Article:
Working on the rear lamp units was certainly a lot easier than my experience with the front lamp units and the offending blackened bulb was soon revealed. There were two apparently standard tungsten bulbs plus a curious small central bulb which was obviously for the indicator. As I recall, this was rated at six watts instead of the more normal 21 watts.
It was then that I became aware that the two main bulbs were not dual (5w/21w) filaments (that one used to encounter – Doc) but were both single filament bulbs rated at 21 watts! I replaced the unit, but was left wondering how on earth the rear end stop lights could possibly function with such an odd bulb configuration.
I subsequently contacted my local VW service department and the magic word CanBus emerged! Apparently my Mk5 heralded the introduction of this new computerised wiring system which is now universal, with the possible exception of LED systems. I have yet to encounter anyone who has ever heard of CanBus.
I have long felt that Diesel Car Magazine should devote more time to technical details, i.e. tyres and transmission systems, as opposed to focusing on new car reviews, and I feel strongly that CanBus should be at the top of the list!
One other thing: you quite often dwell on the fact that diesel cars take a long time to warm up. I have never felt that my car was slow in pushing out some heat and it was only recently that I became aware that it was fitted with an auxiliary electric heater. Is this unusual? (Not according to Tom Jones! Doc.)
I was certainly never advised that this was an option, but it would rate very highly on my list of desirable optional extras. Keep up the good work.
Very interesting subject indeed, Ron. Thanks for the feedback regarding your thoughts on the relative space given in Diesel Car to technical features and things like new car reviews. Ian Robertson will obviously be interested in your opinions on this.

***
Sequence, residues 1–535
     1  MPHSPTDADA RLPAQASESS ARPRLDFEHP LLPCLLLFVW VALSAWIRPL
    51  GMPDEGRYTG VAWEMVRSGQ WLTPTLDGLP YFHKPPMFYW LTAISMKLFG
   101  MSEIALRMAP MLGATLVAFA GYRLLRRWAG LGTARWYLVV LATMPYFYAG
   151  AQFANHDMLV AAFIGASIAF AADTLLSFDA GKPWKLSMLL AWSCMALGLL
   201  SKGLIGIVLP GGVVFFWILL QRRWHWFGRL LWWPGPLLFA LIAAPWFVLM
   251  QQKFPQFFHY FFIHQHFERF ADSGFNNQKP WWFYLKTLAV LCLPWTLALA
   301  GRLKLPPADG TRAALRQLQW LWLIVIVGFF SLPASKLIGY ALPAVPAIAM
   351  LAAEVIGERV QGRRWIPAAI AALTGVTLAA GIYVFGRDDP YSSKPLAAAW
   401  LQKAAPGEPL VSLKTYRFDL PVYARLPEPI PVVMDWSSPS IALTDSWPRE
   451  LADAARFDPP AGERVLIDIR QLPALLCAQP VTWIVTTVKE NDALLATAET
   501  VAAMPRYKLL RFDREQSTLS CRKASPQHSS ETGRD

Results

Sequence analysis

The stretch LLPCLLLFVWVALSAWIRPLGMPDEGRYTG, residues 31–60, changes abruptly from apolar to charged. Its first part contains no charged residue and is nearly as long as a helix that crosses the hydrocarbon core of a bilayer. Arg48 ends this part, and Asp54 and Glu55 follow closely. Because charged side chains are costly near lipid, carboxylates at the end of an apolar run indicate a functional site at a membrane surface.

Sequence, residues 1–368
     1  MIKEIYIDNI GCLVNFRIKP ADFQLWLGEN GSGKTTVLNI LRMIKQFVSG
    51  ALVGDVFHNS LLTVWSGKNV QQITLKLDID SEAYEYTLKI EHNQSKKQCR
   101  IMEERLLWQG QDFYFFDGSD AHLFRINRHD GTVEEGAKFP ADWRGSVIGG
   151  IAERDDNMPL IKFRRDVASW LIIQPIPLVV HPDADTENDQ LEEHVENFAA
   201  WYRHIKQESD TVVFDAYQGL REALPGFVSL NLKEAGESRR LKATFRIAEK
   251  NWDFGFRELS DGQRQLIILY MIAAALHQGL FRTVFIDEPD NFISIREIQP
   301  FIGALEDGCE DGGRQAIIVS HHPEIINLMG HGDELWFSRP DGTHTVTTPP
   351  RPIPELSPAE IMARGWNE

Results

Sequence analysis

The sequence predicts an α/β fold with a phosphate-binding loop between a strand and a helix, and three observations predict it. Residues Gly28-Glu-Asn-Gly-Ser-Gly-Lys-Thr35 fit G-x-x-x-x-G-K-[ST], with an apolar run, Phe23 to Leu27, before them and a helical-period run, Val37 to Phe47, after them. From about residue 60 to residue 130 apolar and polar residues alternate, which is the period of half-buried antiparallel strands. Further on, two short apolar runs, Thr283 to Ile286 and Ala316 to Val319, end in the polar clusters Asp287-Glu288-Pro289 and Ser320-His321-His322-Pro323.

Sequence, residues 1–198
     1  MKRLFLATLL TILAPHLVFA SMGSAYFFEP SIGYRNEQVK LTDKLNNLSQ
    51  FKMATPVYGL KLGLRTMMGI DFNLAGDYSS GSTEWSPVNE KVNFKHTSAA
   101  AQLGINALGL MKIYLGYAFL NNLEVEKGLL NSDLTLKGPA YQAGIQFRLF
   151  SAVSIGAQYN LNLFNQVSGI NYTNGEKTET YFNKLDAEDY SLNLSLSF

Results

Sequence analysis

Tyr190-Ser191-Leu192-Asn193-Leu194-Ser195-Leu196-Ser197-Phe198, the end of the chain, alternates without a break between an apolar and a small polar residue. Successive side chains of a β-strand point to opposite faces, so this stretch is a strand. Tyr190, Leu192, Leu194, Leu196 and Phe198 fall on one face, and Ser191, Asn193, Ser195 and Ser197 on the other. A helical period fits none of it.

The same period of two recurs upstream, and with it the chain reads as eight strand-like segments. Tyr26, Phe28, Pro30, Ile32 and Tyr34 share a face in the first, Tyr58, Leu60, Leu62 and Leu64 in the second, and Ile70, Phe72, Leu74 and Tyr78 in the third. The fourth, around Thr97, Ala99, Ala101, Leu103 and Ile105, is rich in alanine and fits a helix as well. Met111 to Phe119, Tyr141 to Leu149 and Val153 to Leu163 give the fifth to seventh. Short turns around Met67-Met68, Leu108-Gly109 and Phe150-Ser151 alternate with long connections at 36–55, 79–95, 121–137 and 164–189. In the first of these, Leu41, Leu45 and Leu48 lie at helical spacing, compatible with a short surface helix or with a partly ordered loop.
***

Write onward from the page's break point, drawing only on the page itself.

We do have a wide spectrum of readers and we have to try to meet quite varying interests. CanBus is a rather complex technology and not everyone wants to know what goes on under the bonnet and beneath the carpet!
CanBus is, as you discovered, a computerised control system for car electrics that essentially uses two control wires, Can high and Can low, to communicate with all car control systems, using coded signals. It saves a huge amount of weight and cost compared with conventional wiring, where an individual set of wires was run to each unit, like an indicator unit, or an electric window.
With CanBus the ‘high’ and ‘low’ relate to the signal speeds involved, Can ‘high’ being used for vital control systems like engine control units, ABS, and safety systems, ‘low’ being used for lighting and instrumentation. But enough for just now – some of our readers are already dozing off Ron. Thanks for raising the subject though, which we’ll be revisiting one way or another in a future issue.
Regarding electric pre-heaters, these are a standard item on many Volkswagen Group and other cars. They used to be diesel powered on early cars, like diesel Tourans, but there were a few problems with the hot exhaust gases setting light to dry grass in camp grounds, and leaving mystified owners wondering why their trainers were apparently melting when they stood alongside the car!